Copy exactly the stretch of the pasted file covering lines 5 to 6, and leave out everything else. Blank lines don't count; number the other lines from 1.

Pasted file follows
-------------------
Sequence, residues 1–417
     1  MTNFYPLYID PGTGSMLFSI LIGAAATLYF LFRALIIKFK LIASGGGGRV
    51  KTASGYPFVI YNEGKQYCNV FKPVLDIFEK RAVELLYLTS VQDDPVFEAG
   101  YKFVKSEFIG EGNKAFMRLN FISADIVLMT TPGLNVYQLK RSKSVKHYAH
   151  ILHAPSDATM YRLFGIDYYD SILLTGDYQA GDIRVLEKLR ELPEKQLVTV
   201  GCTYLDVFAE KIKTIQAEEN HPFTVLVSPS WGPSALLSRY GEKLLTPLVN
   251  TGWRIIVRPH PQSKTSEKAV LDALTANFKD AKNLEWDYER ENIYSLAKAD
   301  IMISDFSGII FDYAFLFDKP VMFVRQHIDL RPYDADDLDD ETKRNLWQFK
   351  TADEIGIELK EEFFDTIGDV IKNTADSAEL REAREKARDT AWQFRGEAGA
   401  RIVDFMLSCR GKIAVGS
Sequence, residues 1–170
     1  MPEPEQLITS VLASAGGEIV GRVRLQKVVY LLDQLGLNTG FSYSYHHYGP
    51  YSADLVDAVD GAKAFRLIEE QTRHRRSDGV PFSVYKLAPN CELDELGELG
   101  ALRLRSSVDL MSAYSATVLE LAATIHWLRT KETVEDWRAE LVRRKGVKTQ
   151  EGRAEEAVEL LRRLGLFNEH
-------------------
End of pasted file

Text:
   151  ILHAPSDATM YRLFGIDYYD SILLTGDYQA GDIRVLEKLR ELPEKQLVTV
   201  GCTYLDVFAE KIKTIQAEEN HPFTVLVSPS WGPSALLSRY GEKLLTPLVN